When a Counselor is Desperate
I’ve wondered lately about where my heart has been. The past few weeks I’ve sensed a high level of self-sufficiency, and I realize the burden this is. Perhaps that seems like a contradictory statement to you. Or maybe you have been in the church a while and recognize the error this is. But I felt it in my heart. I knew there was something wrong when I thought about prayer and wasn’t really sure I knew what I should pray for. Self-sufficiency had become the barrier to Gospel-dependency.
While working on my undergraduate, I was asked by one of my favorite professors to read a book called Broken by Nancy Leigh Demoss. It contrasts the differences between a proud person and a broken person. When I read it, I was overwhelmed by the realization that my most fervent, committed times of prayer and intimacy with God were times I sensed my need; when I was most desperate for Him.
As a human being, these times often are interspersed with times of self-sufficiency, pride, and apathy. But the times I seek God the most faithfully are the times I really know I am desperate. I am convinced, then, that brokenness, or desperation, is a true gift of God; a reminder of my need and dependence on Him. My heart echoed this reality this morning when Pastor Eric Roseberry from City of God Church in Lafayette Indiana preached on Mark 9. In this chapter, there is a father whose son has been possessed by a demon. The demon has made multiple attempts to “destroy” the son. This father obviously is desperate and seeks Jesus’ healing. And Jesus obliges. The apostles, who had been seeking to help the boy, were unable. Jesus seems to subsequently condemn those without faith. And when the disciples followed up with Jesus later as to why they were unable, Jesus says that this kind of demon can only be cast out by prayer.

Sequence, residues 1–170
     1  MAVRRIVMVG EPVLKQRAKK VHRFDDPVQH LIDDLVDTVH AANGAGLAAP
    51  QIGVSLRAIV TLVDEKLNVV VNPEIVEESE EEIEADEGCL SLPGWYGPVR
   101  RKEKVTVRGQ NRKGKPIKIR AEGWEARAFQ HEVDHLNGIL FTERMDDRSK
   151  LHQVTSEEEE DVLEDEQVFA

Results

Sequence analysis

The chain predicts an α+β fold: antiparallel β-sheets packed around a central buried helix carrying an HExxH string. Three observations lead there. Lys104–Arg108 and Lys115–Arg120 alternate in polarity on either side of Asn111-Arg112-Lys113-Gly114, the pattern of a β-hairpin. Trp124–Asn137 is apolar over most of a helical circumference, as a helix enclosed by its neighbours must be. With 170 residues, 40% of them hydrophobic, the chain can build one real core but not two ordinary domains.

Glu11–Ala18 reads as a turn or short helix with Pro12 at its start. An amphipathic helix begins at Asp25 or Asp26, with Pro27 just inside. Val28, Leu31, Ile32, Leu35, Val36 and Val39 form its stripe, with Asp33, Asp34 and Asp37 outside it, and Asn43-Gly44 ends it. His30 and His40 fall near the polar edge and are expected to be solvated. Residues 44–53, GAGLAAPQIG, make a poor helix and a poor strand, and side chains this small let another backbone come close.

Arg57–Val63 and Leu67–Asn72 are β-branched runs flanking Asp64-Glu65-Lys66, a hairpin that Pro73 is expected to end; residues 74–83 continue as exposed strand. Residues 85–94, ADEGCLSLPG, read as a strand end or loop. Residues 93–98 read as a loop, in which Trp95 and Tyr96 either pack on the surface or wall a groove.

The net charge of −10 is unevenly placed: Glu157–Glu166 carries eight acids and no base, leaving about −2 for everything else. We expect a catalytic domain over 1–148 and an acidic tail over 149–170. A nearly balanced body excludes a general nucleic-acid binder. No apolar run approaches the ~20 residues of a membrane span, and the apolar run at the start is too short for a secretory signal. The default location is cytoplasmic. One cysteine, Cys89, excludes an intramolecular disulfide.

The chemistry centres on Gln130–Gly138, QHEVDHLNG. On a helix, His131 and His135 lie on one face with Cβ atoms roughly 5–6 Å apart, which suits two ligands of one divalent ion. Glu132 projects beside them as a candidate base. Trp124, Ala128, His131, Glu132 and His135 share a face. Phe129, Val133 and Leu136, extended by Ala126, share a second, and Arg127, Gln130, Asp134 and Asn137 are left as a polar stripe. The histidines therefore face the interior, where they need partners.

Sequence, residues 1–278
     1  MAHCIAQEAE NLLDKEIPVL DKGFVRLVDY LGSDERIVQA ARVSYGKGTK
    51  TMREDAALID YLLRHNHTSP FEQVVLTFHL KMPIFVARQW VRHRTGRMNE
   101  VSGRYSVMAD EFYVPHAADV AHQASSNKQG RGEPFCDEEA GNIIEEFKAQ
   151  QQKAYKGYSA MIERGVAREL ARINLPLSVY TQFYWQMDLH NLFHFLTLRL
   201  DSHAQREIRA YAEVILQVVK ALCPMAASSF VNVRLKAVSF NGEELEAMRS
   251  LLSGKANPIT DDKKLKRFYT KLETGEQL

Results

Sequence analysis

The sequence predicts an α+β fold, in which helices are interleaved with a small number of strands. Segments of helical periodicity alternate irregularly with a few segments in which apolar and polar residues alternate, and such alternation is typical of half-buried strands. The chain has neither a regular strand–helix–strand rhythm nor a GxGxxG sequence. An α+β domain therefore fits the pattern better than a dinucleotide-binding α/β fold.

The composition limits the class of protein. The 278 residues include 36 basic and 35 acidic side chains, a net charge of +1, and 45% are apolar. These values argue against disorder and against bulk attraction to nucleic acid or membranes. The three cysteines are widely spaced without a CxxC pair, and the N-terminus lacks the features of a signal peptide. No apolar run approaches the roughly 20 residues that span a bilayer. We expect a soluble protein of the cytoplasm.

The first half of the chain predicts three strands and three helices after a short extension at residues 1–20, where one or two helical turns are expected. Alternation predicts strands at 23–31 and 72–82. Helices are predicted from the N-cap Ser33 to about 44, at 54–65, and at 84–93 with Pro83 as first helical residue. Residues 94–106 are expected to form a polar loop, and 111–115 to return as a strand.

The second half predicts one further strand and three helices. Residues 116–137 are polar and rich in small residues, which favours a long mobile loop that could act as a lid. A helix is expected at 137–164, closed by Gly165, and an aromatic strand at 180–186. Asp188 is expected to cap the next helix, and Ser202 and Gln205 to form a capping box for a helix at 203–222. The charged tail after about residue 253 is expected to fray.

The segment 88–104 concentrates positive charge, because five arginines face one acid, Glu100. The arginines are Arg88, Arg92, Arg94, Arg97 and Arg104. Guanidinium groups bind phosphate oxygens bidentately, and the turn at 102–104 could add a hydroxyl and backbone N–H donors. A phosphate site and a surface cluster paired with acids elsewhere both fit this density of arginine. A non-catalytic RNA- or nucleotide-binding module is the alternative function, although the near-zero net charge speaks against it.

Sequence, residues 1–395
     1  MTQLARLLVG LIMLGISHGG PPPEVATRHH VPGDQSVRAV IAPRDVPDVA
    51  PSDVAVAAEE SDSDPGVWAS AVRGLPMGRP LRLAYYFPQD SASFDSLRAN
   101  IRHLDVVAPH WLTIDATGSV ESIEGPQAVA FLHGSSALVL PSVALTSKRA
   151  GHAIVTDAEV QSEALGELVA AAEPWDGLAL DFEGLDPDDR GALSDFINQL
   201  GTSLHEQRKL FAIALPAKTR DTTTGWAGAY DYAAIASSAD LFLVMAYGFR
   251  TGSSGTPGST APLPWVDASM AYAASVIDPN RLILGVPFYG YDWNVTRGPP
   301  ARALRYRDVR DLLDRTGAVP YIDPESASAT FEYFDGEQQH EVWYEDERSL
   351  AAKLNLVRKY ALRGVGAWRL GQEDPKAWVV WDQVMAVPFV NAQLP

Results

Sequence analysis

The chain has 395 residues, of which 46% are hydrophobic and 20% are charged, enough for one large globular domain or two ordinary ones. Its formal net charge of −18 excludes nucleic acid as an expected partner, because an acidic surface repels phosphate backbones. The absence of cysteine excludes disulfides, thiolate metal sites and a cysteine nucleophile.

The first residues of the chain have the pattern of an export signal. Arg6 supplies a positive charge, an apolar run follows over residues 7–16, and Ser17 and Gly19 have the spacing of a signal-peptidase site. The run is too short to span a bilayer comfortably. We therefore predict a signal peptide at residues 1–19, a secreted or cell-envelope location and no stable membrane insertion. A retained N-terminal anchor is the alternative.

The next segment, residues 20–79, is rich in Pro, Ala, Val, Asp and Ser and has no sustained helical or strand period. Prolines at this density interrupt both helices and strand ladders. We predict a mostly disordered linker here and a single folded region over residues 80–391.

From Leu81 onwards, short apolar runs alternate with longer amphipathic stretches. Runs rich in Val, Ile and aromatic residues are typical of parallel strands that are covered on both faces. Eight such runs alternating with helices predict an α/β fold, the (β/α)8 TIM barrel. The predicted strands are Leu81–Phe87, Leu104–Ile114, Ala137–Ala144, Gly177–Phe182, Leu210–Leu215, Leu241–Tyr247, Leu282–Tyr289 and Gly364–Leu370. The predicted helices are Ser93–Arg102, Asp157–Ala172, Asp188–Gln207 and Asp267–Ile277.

Two things; Jesus condemns those without faith when the people point out that the disciples were unable to cast out the demon. He then tells them that prayer is the only way this kind of demon can be removed; through faith, and asking God for help. Faith and desperation; this is where we find our deepest prayers. But it’s also where we find God working the most.
When a counselor is desperate, that’s when they are going to find God working. Perhaps that’s you. Perhaps you are handling an entire church’s counseling load on your own. Or maybe you just have so many you are trying to help that you can’t remember which is which. Or maybe you just have one very difficult person that you are trying to help. Maybe the problem is even in your own family where broken relationships are revealing the depth of your own weaknesses and struggles. Believe me, I know what this feels like. I believe these are the moments you are looking for; moments that require you to ask God for help.
Let me encourage you to do what I have failed to do too often. Don’t be too quick to refer to someone else. Don’t be quick to run away from those within the broken church. Don’t be quick to dismiss people’s problems just because you’re desperately trying to hold things together. Make sure that in your weakness and inability that you seek God’s help. And when you start to notice that you are operating on a “been there done that” mentality, question yourself. When your mentality is that you can handle the problems people are bringing to you, perhaps you’ve already gotten in the way of what God really wants to do. Don’t be afraid to be desperate. And make sure to have people who are pointing you in the right direction when you really are desperate. The truth is you will be desperate as a counselor. But when a counselor is desperate, they can see more clearly their need of God, and their dependence on the promises and character of God.